Bolivia has more species of birds than any other land-locked country in the world. It is sixth in the world in terms of diversity of bird species, which is notable given that it has no marine birds. LSU Museum of Natural Science researchers and research collaborators in Bolivia have authored the first field guide book to birds of Bolivia.
"Bolivia is one of the richest countries in the world in terms of biodiversity," said LSU Museum of Natural Science Curator of Birds and John S. McIlhenny Distinguished Professor J.V. Remsen, who is a co-author of Birds of Bolivia.
The LSU Museum of Natural Science has the world's largest collection of Bolivian birds, which is the backbone of data for the book and its illustrations. The field guide illustrates all 1,425 bird species of Bolivia and provides a concise synopsis of distribution, habitat, feeding behavior and diet, plumage variations, vocalizations, and behavior for each species, much of which was previously unpublished. Birds of Bolivia is also the first field guide to birds to apply computer algorithms called "ecological niche modeling" to map species distributions. These maps are more precise and objective than those in traditional field guides.
The book is the culmination of decades of research by LSU Museum of Natural Science researchers. Remsen began LSU's field program in Bolivia in 1979. He and LSU Museum of Natural Science staff and students have added 111 bird species to the list of species known from Bolivia.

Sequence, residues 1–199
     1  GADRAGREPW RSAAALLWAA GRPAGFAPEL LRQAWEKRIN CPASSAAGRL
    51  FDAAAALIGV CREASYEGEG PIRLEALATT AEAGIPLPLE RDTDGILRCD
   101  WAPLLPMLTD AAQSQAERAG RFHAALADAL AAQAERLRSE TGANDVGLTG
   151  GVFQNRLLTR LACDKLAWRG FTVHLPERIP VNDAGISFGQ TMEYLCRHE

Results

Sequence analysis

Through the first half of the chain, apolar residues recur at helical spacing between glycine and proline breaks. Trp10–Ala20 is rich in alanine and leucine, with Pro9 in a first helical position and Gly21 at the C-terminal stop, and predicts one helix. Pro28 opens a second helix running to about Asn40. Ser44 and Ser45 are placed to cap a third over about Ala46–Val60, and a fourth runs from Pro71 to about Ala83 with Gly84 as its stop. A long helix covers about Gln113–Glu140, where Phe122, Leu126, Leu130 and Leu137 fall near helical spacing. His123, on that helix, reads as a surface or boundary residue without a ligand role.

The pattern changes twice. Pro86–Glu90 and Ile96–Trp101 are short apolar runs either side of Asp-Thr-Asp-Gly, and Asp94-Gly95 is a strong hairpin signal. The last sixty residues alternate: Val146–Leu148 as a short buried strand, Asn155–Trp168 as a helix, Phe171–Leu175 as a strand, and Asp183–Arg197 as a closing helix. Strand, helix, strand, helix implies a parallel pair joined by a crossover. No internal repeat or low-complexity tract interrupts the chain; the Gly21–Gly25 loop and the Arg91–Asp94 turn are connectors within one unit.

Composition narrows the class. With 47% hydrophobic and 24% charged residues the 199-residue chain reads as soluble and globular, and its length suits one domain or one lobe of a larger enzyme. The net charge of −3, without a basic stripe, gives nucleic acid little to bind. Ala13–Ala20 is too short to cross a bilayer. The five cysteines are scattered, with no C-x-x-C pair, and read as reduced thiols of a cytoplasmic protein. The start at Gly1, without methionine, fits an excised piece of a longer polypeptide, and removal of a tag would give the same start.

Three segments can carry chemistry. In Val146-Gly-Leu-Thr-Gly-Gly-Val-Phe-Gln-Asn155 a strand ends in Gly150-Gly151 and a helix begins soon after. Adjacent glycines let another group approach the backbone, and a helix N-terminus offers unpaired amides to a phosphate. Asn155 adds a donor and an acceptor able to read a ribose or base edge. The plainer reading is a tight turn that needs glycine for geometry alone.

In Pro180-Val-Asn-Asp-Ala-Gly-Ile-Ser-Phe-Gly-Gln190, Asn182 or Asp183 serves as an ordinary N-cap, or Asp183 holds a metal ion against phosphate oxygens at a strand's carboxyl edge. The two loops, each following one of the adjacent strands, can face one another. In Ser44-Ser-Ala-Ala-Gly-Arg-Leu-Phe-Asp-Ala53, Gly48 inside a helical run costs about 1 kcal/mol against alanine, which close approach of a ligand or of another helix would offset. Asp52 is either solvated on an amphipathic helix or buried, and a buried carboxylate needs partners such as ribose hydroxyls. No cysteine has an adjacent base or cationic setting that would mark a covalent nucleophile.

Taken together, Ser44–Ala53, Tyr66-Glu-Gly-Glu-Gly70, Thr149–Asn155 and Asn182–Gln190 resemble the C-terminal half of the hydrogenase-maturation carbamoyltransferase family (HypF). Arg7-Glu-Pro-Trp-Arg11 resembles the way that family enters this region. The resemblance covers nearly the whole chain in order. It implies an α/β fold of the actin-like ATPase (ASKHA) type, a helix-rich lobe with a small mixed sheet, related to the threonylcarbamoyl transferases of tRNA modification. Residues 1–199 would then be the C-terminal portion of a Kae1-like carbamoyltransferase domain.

"LSU museum staff and students typically spent two to three months each year from 1979 through 1993 conducting fieldwork in Bolivia," Remsen said. "LSU doctoral candidate and field guide co-author Ryan Terrill has rejuvenated the fieldwork in Bolivia and led the project for the past six years."
LSU's recent fieldwork in Bolivia is made possible by support from the Coypu Foundation and other private donors. The nine-person international author team includes two Bolivian researchers. Two of the guide book artists are also Bolivian.
"I am proud to be part of one of the only bird field guides to a Latin American country that was written and illustrated in part by home-grown talent," said Remsen, who emphasized the importance of developing in-country resources for the future of ornithology and conservation in Bolivia. Remsen and Terrill also predict that the new field guide will catalyze an increase in ecotourism in Bolivia by visiting bird-watchers.
"Guidebooks like this put a lifetime of research into the hands of nature enthusiasts," said LSU Museum of Natural Science Director Robb Brumfield, who has made two research trips to Bolivia. "Natural science research collections make work like this possible, providing opportunities to discover new species, study our planet's rich biodiversity, share this rich knowledge with the public and inspire the next generation of environmental stewards."
All proceeds from the book sales will go directly toward bird conservation, ecotourism capacity building and raising environmental awareness in Bolivia through Asociación Armonía, which is the leading bird conservation organization in Bolivia and is committed to protecting the country's most endangered species.